Wendy and I left Sydney on November 11th and flew to Christchurch, South Island, New Zealand to meet up with Nathaniel Smalley for a photography tour. Christchurch is the largest city of South Island located on the east coast. The city suffered a series of earthquakes between September 2010 and January 2012 with the worst one occurring on February 22, 2011 where 185 people were killed and thousands of buildings cross the city collapsed or suffered severe damage. We actually didn't spend any time in the city since we arrived just before dinner time and left the following morning.
After leaving Christchurch on the way to Twizel, we stopped for some happy snaps (i.e. iPhone shots) at the Church of the Good Sheppard. The church is situated on the shores of Lake Tekapo, surrounded by mountains. The church was opened in 1935. The builders were instructed to leave the site undisturbed, in other words the matagouri bushes surrounding the building and the rocks were to be left alone.
It was a beautiful area, well worth a stop. After exploring the area and taking a few shots, we continued on our route to Twizel, checked into the hotel and left at 4.30 in order to have an early dinner and shoot the last light at Mount Cook.
We ate dinner in a restaurant overlooking the mountains. Then I went outside and took this shot and the next one with my iPhone.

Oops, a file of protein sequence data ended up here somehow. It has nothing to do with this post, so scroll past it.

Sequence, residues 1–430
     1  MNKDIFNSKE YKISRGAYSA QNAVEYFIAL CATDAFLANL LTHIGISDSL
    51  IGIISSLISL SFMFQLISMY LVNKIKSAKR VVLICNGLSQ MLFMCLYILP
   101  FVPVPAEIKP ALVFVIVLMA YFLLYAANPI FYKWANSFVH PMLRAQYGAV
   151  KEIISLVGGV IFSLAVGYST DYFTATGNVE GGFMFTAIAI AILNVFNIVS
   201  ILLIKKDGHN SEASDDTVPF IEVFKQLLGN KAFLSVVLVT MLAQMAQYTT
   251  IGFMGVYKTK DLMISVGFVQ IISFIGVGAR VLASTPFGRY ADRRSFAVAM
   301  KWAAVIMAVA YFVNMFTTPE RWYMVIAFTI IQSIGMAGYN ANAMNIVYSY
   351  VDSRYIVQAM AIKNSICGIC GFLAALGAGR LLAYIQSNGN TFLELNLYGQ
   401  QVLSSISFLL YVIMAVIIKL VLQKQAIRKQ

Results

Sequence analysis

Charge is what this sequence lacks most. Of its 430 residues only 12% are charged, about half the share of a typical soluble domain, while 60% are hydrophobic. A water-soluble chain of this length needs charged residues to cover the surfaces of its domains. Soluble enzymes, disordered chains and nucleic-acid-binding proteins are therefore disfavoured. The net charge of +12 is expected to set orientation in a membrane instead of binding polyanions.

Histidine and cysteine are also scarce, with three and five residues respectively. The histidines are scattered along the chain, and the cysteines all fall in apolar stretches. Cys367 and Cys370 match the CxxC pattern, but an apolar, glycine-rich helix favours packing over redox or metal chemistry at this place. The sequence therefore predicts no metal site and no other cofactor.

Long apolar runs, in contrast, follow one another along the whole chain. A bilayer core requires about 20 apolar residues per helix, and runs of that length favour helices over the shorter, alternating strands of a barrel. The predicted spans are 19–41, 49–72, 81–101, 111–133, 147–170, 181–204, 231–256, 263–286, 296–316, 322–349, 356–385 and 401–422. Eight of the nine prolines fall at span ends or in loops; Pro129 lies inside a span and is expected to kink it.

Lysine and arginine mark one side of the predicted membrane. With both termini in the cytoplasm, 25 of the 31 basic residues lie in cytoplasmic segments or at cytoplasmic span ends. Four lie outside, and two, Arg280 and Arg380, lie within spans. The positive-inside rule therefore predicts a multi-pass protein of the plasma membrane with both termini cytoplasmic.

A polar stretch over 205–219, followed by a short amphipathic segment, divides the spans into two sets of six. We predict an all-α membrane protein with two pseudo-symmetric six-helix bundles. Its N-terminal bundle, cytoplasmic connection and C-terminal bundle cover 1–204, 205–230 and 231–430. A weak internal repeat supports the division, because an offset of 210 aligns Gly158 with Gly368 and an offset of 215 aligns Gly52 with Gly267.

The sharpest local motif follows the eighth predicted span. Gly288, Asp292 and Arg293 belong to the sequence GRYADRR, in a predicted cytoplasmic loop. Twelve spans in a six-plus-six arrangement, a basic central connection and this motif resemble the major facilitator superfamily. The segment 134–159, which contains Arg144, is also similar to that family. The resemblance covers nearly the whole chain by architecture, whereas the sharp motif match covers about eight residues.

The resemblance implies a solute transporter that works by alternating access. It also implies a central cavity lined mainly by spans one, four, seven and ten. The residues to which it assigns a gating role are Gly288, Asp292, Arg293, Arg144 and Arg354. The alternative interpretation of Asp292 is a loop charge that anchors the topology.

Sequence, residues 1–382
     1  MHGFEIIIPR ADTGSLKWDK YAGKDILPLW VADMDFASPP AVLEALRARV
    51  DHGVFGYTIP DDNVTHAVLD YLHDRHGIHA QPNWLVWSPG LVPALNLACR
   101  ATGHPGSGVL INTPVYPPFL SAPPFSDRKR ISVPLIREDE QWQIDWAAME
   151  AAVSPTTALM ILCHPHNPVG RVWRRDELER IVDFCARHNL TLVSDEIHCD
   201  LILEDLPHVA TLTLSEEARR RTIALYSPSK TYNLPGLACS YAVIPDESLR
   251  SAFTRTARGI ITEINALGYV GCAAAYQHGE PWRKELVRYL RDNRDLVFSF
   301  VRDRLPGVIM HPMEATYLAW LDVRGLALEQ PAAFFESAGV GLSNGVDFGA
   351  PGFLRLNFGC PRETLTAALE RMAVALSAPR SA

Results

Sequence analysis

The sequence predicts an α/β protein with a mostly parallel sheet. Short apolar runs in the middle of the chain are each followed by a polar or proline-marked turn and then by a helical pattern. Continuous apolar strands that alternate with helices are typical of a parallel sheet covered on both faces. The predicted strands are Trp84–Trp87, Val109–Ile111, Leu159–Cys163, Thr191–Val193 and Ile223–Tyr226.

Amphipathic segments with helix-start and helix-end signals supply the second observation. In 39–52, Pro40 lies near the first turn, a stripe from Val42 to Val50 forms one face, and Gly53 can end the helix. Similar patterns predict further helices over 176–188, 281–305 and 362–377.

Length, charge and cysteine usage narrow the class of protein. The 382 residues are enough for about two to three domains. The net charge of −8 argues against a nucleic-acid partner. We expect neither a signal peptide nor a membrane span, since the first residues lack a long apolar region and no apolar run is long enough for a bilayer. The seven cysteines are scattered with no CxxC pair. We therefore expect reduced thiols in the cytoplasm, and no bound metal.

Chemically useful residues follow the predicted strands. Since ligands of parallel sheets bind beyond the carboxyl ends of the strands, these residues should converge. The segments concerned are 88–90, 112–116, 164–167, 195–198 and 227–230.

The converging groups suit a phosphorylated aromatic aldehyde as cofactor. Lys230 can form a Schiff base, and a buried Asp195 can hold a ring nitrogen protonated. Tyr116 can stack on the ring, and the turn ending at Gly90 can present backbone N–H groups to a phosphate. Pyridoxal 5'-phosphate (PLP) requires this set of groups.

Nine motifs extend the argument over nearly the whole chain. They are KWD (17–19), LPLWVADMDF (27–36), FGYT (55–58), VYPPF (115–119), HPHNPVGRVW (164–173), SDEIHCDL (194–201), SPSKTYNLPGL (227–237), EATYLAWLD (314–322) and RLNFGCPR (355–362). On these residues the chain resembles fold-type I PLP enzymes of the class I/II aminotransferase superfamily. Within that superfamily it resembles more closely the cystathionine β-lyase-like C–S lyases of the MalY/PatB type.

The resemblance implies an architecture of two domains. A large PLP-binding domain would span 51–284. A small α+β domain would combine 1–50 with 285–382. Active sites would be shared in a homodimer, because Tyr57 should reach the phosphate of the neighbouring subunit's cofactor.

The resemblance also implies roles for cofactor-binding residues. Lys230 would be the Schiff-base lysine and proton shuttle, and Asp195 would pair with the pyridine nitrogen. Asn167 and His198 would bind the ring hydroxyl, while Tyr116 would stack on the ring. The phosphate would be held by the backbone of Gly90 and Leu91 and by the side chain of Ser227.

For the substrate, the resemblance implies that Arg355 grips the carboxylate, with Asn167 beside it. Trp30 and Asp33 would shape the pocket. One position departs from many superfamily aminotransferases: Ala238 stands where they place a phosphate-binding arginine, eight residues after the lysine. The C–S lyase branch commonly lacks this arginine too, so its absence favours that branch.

This shot with Mount Cook in the background was a panoramic shot. So I took maybe 5 or 6 shots (verical) and merged the photos together in Lightroom to come up with this really wide angle view.
Mount Cook is the highest mountain in the continent of Australasia. Aoraki/Mount Cook National Park is a rugged land of ice and rock with 19 peaks over 3,000 meters including new Zealand's highest peak, Aoraki/Mount Cook (3,724 metres or 12,218 feet). The park was established in 1953 and forms one of the UNESCO World Heritage sites.
Just as we were leaving and walking to the van, we saw the moon rise so we all hurriedly unpacked our tripods to see if we could get the shot.
We met the next morning at 4.30 AM for our sunrise shoot. This time we photographed the Southern Alps (Mount Cook National Park) from a different location. This photo showcases the Tasman River. The Southern Alps were named by Captain Cook on March 23, 1770.
We stayed in this area for a couple of hours as the light kept changing and there were a lot of different compositions. I do remember that it was very windy and cold. After a while, I gave up on using my tripod. I also went into the van a couple of times to warm up.
Some of our group went down to the beach to photograph. I took this shot from above. The photographer who is closest in the image is Nathaniel Smalley, one of the two photography leaders of the trip. The other leader was Philip , a local New Zealand photographer. We also had a driver and there were eight other photographers making up our group of 11 people.
This was the view from the other direction (behind the river).
We were lucky enough to see this rainbow.
There was also some nice pink skies for a little while.
The following morning we met at 5.10 AM for one last sunrise shoot of the alps.
After our last shots, we went back to the hotel for breakfast before leaving for our next destination.